Some years later, the Court started ruling that particular provisions of the Bill of Rights do protect individuals from state laws, a process known as “selective incorporation.” But rather than admit that Slaughterhouse was wrongly decided, the Court started finding that these rights were protected through DPC, first in Gitlow v. New York (1925), and then in many other cases. Now, almost the entire Bill of Rights is now incorporated — but not the Second Amendment. The reasoning behind selective incorporation is almost non-existent. The situation is so bad that it has become something of an embarrassment to many legal academics — even those that don’t particularly like the idea of incorporating the Second Amendment.
The concern that Klukowski and Blackwell have is that the left has accomplished much of its judicial activism to transform America through two patently false interpretive approaches: DPC and EPC. (That includes court protection of virtual child pornography, abortion, striking down of sodomy laws, and imposing same-sex marriage on the states.) P or I, it seems, would open an entirely new set of bogus arguments.
I understand Klukowski and Blackwell’s concern, but I don’t agree, primarily because the left’s judicial activism has never been limited by anything as pedestrian as following the Constitution. When Congress adopted the Fourteenth Amendment, sodomy was a criminal offense in 32 of 37 states. It would require remarkable evidence to establish that Congress and the states intended the Fourteenth Amendment’s DPC to overturn existing criminal statutes with respect to what law books of the period consistently called “the infamous crime against nature,” (California’s Penal Code) or “the detestable and abominable crime against nature” (from that other center of cosmopolitan thought, New York State). And yet in Lawrence v. Texas (2003), that’s exactly what the majority decided: that Texas’s sodomy law violated DPC. And Justice O’Connor’s concurring opinion decided that Texas’s sodomy law violated EPC.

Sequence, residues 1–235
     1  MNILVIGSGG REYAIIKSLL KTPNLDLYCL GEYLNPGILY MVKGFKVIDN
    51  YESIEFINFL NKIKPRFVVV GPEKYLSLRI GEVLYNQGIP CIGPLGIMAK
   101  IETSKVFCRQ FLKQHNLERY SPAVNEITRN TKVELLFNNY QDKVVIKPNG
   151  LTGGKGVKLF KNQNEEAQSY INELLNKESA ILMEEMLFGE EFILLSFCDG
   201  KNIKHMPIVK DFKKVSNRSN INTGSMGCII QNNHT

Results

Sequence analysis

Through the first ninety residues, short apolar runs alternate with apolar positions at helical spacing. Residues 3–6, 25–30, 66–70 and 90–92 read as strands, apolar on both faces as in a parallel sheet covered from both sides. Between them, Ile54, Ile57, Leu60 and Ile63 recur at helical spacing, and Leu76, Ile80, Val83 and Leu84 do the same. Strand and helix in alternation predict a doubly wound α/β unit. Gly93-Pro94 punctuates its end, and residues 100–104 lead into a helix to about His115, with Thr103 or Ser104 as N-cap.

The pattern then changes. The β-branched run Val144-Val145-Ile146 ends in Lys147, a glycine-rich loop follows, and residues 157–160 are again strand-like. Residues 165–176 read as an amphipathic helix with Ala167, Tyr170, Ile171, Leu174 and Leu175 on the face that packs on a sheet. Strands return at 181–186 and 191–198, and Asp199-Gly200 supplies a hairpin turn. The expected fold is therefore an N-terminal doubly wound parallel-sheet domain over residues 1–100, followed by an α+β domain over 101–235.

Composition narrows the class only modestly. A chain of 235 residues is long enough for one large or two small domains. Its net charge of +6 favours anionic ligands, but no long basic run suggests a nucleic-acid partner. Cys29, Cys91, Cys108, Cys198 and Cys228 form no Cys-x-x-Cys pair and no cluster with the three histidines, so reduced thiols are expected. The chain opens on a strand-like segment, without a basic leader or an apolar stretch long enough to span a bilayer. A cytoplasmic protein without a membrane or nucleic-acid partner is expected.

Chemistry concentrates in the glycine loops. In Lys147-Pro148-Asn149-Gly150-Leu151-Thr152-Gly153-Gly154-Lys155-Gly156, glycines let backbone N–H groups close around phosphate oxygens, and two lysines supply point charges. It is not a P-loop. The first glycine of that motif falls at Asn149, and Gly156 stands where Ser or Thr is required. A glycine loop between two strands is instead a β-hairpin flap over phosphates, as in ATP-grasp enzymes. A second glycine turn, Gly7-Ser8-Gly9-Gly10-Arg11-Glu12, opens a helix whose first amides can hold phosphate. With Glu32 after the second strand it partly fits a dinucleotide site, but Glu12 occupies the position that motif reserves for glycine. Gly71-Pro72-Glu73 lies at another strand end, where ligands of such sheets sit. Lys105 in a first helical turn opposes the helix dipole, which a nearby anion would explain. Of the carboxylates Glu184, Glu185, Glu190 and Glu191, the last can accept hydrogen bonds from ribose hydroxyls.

To quote Justice Thomas’s dissent, which was quoting a previous decision, Griswold v. Connecticut (1965), this is an “uncommonly silly” law. Like Justice Thomas, had I been in the Texas legislature, I would have voted to repeal it. But silly, foolish, or counterproductive isn’t the same as unconstitutional. Yet with no valid basis for striking down that law, the Court did so.
There are many other examples of how the Court has struck down state laws based on this ahistorical reading of the DPC and EPC, such as Shapiro v. Thompson (1969), which struck down Connecticut’s residency requirement to collect welfare as a violation of EPC. I share Klukowski and Blackwell’s concerns — but I have enormous confidence that the judicial activists that gave us Lawrence, Griswold, Roe v. Wade, and hundreds of other bizarre decisions aren’t going to be much influenced by the results of McDonald.
They will twist or imagine the right to have sex with 10-year-olds through P or I, or DPC, or EPC, or freedom of religion if necessary. (I think you get extra points on your law school exams if you can find a way to justify it through the interstate commerce clause.) Facts and history seldom stop this crowd.